Residents of the city’s Fountain Estate have voiced their collective concern about the state of derelict buildings in the area, claiming the area is beginning to look like a ‘ghetto”.
The latest concerns are highlighted in the wake of a dangerous collapse last week, when the old Ulster Unionist halls in Kennedy Place crumbled into the street. According to those living in the area, several other buildings have also been unused for years and are in varying states of disrepair.
Donna Best and Grace Curry are life-long residents of the Fountain. Ms Best said; “There have been various attempts over the years by residents groups and community associations to highlight the problem, contact owners and get something done,” she told the ‘Journal’.
Ms Curry added: “A couple of days before the building collapsed we were sitting at my kitchen table discussing how an area action plan needs to include dereliction as an issue and Donna said ‘You’re right because that old Unionist building is going to fall on top of someone.’ Little did she know how right she was.”
Lloyd Scott and Kyle Thompson also locals, have witnessed tiles falling off roofs and bits of chimney landing in the street.
“There are probably lots of buildings in the city that need repair but there are so many surrounding the Fountain that people here are in danger of serious injury or death. We were very lucky last week - it was a close call. We can’t allow it to happen again.”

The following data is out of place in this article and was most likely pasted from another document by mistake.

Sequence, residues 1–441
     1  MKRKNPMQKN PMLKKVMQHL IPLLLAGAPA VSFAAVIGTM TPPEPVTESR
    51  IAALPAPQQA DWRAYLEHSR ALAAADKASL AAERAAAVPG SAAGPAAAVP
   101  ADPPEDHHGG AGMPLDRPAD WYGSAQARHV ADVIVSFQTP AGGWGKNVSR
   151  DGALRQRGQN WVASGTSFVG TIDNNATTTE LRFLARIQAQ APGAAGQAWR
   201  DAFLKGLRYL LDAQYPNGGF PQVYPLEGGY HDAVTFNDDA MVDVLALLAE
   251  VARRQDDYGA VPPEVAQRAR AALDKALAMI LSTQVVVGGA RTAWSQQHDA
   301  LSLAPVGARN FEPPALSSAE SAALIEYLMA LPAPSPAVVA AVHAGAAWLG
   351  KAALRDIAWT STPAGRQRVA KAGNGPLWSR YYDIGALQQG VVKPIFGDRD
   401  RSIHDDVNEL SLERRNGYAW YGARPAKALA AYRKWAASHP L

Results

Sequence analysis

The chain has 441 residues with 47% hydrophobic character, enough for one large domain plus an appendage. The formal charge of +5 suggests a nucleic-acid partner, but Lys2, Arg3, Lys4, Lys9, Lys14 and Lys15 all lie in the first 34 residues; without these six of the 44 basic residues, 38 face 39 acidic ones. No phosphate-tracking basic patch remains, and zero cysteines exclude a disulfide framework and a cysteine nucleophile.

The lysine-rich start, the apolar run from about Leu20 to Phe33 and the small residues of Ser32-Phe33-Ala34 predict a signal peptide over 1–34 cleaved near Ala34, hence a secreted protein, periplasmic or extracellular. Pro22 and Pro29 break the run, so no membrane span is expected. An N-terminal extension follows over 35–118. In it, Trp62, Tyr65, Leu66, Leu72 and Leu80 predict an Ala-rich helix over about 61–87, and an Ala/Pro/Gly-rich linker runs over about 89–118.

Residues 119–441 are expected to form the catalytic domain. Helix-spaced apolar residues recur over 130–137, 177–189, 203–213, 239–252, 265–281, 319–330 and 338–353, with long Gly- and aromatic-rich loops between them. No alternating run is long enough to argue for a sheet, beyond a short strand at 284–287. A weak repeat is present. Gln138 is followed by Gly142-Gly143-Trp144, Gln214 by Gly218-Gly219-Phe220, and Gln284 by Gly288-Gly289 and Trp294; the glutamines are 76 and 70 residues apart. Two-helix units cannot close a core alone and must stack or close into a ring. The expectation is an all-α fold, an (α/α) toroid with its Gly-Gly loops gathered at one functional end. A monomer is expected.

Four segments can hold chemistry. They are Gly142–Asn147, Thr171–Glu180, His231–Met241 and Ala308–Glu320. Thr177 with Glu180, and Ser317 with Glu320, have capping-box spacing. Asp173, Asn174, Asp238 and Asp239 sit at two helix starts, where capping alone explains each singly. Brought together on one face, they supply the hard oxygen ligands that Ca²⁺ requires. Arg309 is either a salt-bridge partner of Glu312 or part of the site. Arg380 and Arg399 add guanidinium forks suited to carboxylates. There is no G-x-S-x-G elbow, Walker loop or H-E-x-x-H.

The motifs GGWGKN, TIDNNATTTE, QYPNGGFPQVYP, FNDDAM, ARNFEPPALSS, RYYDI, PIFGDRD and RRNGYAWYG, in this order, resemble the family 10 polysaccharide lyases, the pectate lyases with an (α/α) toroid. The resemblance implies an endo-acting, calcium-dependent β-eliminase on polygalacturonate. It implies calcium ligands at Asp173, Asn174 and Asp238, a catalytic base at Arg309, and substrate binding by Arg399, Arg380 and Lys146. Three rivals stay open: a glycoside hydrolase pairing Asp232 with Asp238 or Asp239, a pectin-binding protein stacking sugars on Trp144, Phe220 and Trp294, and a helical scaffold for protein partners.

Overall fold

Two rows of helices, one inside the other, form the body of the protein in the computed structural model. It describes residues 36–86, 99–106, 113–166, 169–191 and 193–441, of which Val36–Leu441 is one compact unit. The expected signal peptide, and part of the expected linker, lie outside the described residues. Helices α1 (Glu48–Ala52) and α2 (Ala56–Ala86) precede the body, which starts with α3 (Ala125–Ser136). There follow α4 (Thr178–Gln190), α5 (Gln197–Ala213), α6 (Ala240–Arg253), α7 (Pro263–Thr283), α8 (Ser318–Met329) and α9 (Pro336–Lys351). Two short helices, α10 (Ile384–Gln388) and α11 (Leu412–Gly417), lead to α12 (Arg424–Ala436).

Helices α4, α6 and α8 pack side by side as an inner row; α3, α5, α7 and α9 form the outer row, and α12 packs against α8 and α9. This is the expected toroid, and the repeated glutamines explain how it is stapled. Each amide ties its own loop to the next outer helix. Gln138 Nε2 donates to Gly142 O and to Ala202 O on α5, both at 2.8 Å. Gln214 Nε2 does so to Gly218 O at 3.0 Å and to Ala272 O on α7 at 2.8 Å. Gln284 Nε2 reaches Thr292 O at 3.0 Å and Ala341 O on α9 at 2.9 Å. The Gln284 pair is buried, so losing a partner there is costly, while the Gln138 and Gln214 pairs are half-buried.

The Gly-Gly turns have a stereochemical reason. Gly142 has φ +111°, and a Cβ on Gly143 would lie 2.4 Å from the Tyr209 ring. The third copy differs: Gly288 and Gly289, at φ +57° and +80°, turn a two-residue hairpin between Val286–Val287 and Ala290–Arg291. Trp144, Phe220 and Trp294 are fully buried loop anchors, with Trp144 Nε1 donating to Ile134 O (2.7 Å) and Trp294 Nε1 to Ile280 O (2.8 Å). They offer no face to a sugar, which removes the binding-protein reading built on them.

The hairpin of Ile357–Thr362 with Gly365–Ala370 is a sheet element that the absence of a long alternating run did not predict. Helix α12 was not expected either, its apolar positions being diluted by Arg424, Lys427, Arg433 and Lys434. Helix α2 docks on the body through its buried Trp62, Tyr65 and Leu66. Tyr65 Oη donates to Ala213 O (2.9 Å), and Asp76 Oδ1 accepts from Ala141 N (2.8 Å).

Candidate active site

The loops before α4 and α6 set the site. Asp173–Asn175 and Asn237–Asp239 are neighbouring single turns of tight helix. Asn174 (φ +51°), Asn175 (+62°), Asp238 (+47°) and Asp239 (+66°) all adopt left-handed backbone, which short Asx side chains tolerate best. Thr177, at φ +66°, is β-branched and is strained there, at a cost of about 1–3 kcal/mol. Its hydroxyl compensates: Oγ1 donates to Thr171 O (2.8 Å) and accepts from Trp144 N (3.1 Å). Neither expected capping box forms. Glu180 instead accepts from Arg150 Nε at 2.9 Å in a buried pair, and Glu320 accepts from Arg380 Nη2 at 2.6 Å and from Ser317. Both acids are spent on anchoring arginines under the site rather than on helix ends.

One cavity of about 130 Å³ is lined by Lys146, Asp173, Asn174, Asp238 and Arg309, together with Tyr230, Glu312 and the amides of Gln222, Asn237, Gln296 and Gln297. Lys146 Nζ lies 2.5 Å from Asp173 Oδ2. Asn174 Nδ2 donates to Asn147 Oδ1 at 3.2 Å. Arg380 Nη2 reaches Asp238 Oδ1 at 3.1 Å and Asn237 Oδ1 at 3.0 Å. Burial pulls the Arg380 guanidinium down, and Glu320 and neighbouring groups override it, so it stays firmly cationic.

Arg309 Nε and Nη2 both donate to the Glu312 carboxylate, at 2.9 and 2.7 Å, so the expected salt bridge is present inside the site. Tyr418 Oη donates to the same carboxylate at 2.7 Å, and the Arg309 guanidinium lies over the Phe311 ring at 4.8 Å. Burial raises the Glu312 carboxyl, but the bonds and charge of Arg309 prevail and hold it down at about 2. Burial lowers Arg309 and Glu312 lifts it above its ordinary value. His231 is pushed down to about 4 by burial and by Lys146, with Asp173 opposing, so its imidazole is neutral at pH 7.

Local resident Wendy Jackson believes that the Fountain is beginning to look like a “ghetto”.
“Come into the Fountain from any direction and you will see a horrible, derelict building that makes it feel like you are walking into a ghetto. People here keep their homes and gardens clean and tidy. We are being let down by these awful looking properties.”
Catherine Pollock, local community worker and resident of the Fountain said that how a place looks affects how residents, visitors and tourists feel about coming into the area.
“It would be great if we could encourage more families to move back to the Fountain but people are put off because the dereliction has got increasingly worse.”
Trevor Temple is a resident and local historian working on a book about the Fountain.
“It is a disgrace that the built heritage of this area is being allowed to fall into such a poor state that it collapses to the ground. Listed buildings should and our heritage should be protected and our elected representatives should be doing more to legislate for this. If an owner allows a building to collapse through neglect then they should have to restore it to its former state.”
But there is some hope. Recently the Drew Porter Memorial Music Society took on an empty NIHE property in Aubrey Street and has plans to improve it for use as a community facility.
John Rankin explained that the Society wanted to do something positive for the area. “Helping to put a halt to the dereliction creeping further up Wapping Lane seemed a good place to start. We’re leading by example and using our member’s skills to fix up this house. The old fire station is an excellent example of how a building can be restored to its former glory and we hope other owners take note.”